1903: Arthur Alfred Lynch condemned 1795: Unspecified Robespierrists

1989: Ted Bundy, psycho killer

January 24th, 2009 Headsman

Qu’est-ce que c’est?

It was 20 years today that Ted Bundy, the signature sexual psychopath in a golden age of serial killers,* rode the lightning in Florida’s Starke Prison.

Executed Today is pleased to mark the occasion with a conversation with Louisville crime writer Kevin M. Sullivan, author of a forthcoming2009 book on Ted Bundy … and a man who knows how the world looks from inside Bundy’s ski mask.

Ted Bundy is obviously one of the most iconic, written-about serial killers in history. Why a book about Ted Bundy? What’s the untold story that you set out to uncover?

The desire, or drive, if you will, to write an article about Ted Bundy and then create a 120,000 plus word book about the murders, was born out of my crossing paths with his infamous murder kit. Had Jerry Thompson [a key detective on the Bundy case -ed.] left Bundy’s stuff in Utah that May of 2005, well, it would have been an enjoyable meeting with the former detective, but I’m certain it would have all ended quietly there. Indeed, I doubt if I’d even considered writing an article for Snitch [a now-defunct crime magazine -ed.], much less a book about the killings. But it was having all that stuff in my hands, and in my home, and then being given one of the Glad bags from Ted’s VW that made it very real (or surreal) to me, and from this, a hunger to find out more about the crimes led me forward.

Ted Bundy’s gear, right where you want it — image courtesy of Kevin M. Sullivan. (Check the 1975 police photo for confirmation.)

Believe me, in a thousand years, I never would have expected such a thing to ever come my way. I can’t think of anything more odd or surreal.

ET: You mentioned that you think you’ve been able to answer some longstanding questions about Bundy’s career. Can you give us some hints? What don’t people know about Ted Bundy that they ought to know?

I must admit, when I first decided to write a book about the crimes, I wasn’t sure what I’d find, so the first thing I had to do was read every book ever written about Bundy, which took the better portion of three or four months.

From this I took a trip to Utah to again meet with Thompson and check out the sites pertaining to Bundy and the murders in that state. Next came the acquisition of case files from the various states and the tracking down of those detectives who participated in the hunt for the elusive killer.

Now, no one could have been more surprised than me to begin discovering what I was discovering about some of these murders. But as I kept hunting down the right people and the right documents, I was able to confirm these “finds” at every turn. And while I cannot reveal everything here, It’s all in the book in great detail. Indeed, you could say that my book is not a biography in the truest sense, but rather an in-depth look at Bundy and the murders from a vantage point that is quite unique. I wish I could delve further into these things now , but I must wait until it’s published.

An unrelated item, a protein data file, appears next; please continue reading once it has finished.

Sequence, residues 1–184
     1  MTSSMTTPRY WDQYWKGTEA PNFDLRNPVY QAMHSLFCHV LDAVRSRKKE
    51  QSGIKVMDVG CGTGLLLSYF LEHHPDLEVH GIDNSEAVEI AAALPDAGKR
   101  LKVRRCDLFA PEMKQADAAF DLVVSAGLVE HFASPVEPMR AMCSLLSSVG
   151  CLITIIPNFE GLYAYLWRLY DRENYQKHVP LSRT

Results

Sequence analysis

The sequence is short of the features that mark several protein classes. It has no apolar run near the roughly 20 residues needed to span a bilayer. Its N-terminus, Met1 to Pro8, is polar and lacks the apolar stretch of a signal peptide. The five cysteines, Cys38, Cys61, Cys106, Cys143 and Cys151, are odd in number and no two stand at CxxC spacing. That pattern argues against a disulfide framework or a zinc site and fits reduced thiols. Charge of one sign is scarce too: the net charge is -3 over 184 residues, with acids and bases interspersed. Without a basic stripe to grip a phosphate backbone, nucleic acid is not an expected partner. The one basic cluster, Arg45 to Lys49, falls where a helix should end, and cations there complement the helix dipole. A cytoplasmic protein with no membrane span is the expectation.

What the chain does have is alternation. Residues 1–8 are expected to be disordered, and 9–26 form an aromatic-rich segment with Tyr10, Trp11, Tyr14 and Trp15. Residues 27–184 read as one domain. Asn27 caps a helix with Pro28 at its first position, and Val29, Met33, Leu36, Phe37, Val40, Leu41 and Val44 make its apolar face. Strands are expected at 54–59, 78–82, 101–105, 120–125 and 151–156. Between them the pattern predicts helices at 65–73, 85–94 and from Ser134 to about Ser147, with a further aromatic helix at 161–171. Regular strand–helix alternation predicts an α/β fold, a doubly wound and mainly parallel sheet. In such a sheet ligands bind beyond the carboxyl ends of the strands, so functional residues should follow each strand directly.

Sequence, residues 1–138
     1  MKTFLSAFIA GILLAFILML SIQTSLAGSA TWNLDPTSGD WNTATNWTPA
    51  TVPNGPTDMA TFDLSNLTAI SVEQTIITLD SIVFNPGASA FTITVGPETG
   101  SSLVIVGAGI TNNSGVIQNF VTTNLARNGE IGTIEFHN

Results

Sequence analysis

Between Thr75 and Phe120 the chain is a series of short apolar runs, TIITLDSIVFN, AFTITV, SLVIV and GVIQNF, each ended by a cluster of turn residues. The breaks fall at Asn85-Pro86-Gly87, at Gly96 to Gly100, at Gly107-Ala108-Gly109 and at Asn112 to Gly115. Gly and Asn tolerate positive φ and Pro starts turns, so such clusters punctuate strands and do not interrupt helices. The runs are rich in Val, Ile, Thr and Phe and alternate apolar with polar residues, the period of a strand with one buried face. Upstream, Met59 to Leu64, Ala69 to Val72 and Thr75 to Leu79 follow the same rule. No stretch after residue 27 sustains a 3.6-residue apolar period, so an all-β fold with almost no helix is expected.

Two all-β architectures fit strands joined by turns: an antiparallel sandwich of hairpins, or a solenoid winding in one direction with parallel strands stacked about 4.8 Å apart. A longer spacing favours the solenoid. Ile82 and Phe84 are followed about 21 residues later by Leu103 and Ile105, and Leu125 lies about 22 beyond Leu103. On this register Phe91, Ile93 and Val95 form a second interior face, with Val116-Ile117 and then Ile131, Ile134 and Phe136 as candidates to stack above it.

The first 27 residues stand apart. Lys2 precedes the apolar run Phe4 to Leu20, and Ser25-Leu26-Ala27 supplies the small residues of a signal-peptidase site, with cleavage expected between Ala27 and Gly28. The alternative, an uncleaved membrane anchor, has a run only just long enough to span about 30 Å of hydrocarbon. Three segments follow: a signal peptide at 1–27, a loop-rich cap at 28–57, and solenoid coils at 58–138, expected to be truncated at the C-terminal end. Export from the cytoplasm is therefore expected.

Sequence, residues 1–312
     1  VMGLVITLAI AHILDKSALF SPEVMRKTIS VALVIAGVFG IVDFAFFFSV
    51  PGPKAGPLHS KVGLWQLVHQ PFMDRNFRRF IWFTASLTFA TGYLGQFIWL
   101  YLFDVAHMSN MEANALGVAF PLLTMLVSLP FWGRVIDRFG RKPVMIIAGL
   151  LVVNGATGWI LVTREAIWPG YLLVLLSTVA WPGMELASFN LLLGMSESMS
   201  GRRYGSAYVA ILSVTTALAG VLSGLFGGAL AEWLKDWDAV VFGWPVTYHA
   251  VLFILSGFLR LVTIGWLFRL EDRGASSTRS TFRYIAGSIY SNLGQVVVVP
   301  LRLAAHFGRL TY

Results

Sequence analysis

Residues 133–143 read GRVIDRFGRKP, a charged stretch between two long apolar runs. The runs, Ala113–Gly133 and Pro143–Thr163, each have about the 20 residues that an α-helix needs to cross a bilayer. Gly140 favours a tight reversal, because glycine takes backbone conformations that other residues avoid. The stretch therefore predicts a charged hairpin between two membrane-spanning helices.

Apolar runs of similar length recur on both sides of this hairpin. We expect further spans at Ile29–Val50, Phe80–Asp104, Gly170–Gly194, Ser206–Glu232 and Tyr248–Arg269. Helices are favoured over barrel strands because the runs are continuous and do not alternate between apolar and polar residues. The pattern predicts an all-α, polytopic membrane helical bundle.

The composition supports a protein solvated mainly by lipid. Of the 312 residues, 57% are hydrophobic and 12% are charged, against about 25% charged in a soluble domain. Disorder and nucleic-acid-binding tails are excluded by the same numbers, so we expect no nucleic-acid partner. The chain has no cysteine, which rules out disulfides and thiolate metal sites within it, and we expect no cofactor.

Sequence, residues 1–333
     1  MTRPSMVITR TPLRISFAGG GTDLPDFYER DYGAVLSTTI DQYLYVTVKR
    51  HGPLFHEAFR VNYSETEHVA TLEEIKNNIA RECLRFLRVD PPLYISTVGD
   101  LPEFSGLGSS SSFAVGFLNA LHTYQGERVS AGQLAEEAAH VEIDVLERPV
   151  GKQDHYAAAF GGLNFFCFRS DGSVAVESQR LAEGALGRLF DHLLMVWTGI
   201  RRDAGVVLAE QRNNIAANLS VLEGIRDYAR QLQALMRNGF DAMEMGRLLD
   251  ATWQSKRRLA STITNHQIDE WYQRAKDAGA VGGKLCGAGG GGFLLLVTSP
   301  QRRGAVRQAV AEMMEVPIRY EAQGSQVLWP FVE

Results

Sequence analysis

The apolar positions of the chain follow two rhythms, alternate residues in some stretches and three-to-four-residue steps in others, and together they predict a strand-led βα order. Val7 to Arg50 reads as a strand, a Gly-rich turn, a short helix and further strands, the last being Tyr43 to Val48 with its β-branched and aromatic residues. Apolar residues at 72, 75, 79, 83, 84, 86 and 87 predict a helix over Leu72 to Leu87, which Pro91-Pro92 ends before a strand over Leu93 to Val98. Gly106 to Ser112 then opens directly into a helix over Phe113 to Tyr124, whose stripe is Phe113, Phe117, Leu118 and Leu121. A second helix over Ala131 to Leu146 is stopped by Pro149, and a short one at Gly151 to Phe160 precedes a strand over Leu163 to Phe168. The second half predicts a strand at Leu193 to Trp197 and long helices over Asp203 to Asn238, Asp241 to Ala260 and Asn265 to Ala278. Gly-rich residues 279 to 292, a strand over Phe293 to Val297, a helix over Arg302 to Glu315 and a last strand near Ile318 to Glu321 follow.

The Bundy story has a magnetic villain and a host of victims … was there a hero? Was there a lesson?

The real heroes in this story are the detectives who worked day and night for years to bring Ted Bundy to justice. And if there’s a lesson to be learned from all of this, it is this: It doesn’t matter how handsome or articulate a person might be, or how nicely they smile at you, for behind it all, there could reside the most diabolical person you’ll ever meet! We need to remember this.

But how can you act on that lesson without living in a continual state of terror? Bundy strikes me as so far outside our normal experience, even the normal experience of criminality, that I’m inclined to wonder how much can be generalized from him.

Actually, (and I might say, thank God here!) people as “successful” as Ted Bundy don’t come our way very often. I mean, the guy was a rising star in the Republican Party in Washington, had influential friends, a law student, and certainly appeared to be going places in life. Some were even quite envious of his ascension in life. However, it was all a well-placed mask that he wore to cover his true feelings and intentions. On the outside he was perfect, but on the inside a monster. He just didn’t fit the mold we’re used to when we think of a terrible killer, does he?

Now, there are those among us — sociopaths — who can kill or do all manner of terrible things in life and maintain the nicest smile upon their faces, but again, just beneath the surface ticks the heart of a monster, or predator, or what ever you might want to call them. Having said that, I’m not a suspicious person by nature, and so I personally judge people by their outward appearance until shown otherwise. Still, it’s difficult (if not impossible) to see the “real” individual behind the person they present to us on a daily basis.

You worked with case detectives in researching your book. How did the Ted Bundy case affect the way law enforcement has subsequently investigated serial killers? If they had it to do over again, what’s the thing you think they’d have done differently?

They all agree that today, DNA would play a part of the investigation that wasn’t available then. However, in the early portion of the murders, Bundy made few if any mistakes, as he had done his homework so as to avoid detection. As such, even this wouldn’t be a panacea when it came to a very mobile killer like Bundy who understood the very real limitations sometimes surrounding homicide investigations.

I can’t help but ask about these detectives as human beings, too. Clearly they’re in a position to deal with the heart of darkness in the human soul day in and day out and still lead normal lives … is a Ted Bundy the kind of killer that haunts or scars investigators years later, or is this something most can set aside as all in a day’s work?